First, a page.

Have Ghanaians enough to keep body and soul together? Life has been difficult for some time. But, according to a report recently released, apart from those in the Greater Accra Region Ghanaians should feel better off.
The report was issued on April 26, 2007 by the Ghana Statistical Service (GSS). It was based on a study of the Patterns and Trends of Poverty in Ghana from 1991 – 2006.
The study found that on the average the country made considerable progress in the fight against poverty, which dropped to 26.5 per cent in 2006. It was 39.5 per cent in 1999 and 51.7 per cent in 1991.
Why then do many Ghanaians complain about the burden of living? Was the claim that we should be better living-wise based on lies, damn lies and statistics? No, the conclusions were based on a scholarly study and analysis costing a hefty ¢3.5 billion.
The World Bank Country Director, who is a live wire in the current transformation of Ghana, is reported to have claimed that “Ghana will achieve the parity target under the MDGs within a year, halving poverty since 1990; the first in Africa”.
This hopeful picture which contrasts with the despondency of many Ghanaians was confirmed by no less a person than the President on May Day.
The President was reported to have said that “we are not at a standstill and we are making real progress”. Is it because Ghanaians expect too much that they are not appreciative of the progress made?
Now on the same day that the President assured us that we were making progress, the Secretary-General of the Trades Union Congress, Mr Adu-Amankwah, remarked that improvement in the national economy had not reflected in the pockets of workers.
Mr Adu-Amankwah warned that “turbulent industrial relations lie ahead if the government and employees do not sit up to address the growing demand for better incomes in an appropriate manner”.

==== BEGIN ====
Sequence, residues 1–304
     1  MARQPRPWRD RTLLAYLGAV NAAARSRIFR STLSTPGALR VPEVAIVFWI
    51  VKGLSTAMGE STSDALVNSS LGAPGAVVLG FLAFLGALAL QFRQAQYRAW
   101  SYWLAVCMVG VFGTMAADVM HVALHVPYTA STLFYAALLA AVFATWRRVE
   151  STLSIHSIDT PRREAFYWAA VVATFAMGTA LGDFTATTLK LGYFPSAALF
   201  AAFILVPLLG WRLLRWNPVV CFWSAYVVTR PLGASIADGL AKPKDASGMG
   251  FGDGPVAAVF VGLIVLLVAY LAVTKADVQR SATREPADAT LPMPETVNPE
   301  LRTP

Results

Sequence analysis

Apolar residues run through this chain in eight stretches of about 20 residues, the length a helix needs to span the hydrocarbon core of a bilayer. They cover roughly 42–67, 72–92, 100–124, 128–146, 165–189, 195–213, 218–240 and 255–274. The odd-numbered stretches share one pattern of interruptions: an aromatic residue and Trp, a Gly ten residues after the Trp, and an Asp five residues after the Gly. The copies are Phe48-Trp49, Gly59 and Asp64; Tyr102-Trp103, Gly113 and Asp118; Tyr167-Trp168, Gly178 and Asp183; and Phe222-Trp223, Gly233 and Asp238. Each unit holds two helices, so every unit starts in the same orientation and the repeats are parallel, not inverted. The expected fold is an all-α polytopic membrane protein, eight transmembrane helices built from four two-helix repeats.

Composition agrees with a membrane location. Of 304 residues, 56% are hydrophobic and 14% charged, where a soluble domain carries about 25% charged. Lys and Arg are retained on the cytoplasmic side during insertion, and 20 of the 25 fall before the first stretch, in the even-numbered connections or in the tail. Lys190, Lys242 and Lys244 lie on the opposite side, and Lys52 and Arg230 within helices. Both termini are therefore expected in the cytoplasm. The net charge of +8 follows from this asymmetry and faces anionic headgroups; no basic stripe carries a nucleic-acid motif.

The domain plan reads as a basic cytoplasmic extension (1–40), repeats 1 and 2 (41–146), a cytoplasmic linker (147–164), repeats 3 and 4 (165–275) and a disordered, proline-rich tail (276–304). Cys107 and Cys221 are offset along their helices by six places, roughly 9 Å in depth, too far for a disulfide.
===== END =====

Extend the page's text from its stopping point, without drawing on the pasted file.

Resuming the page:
He went on to say that “the recent increases in wages and salaries had benefited only a few top officials and professionals while the majority of workers, particularly those in the civil service, continued to earn salaries which were below what could be described as a living wage.”
If you look at the overall picture, the GSS Report and the President are right in that we have made some progress. But many Ghanaians find living a difficult problem. If progress has been made, they conclude looking around, that the top people are more favoured in the distribution of the gains made in the economy.
Right now health workers are on strike apparently because of relativities. But the problem goes deeper than relativities.
The GSS Report reveals that poverty has not gone down in the Greater Accra Region. And naturally it is in Accra that you have the most vocal discontent with the cost of living. And here careful analysis of complaints suggests it is not only the size of the pay packet which upsets and annoys many.
Dissatisfaction is deepened by the visual evidence of the opulence of a sizeable few. It is, therefore, not only a matter of inadequate remuneration. Is it a question of fair play which undermines confidence in the authorities?